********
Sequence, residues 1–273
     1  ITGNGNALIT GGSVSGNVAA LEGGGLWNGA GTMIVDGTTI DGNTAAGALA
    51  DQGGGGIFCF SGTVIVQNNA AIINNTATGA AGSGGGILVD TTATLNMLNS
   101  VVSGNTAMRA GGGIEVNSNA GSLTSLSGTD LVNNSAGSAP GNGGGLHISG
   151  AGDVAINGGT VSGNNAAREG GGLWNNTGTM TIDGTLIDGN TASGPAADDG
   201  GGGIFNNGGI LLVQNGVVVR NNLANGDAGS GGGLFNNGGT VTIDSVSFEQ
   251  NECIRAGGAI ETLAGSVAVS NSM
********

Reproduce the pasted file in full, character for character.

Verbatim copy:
Sequence, residues 1–273
     1  ITGNGNALIT GGSVSGNVAA LEGGGLWNGA GTMIVDGTTI DGNTAAGALA
    51  DQGGGGIFCF SGTVIVQNNA AIINNTATGA AGSGGGILVD TTATLNMLNS
   101  VVSGNTAMRA GGGIEVNSNA GSLTSLSGTD LVNNSAGSAP GNGGGLHISG
   151  AGDVAINGGT VSGNNAAREG GGLWNNTGTM TIDGTLIDGN TASGPAADDG
   201  GGGIFNNGGI LLVQNGVVVR NNLANGDAGS GGGLFNNGGT VTIDSVSFEQ
   251  NECIRAGGAI ETLAGSVAVS NSM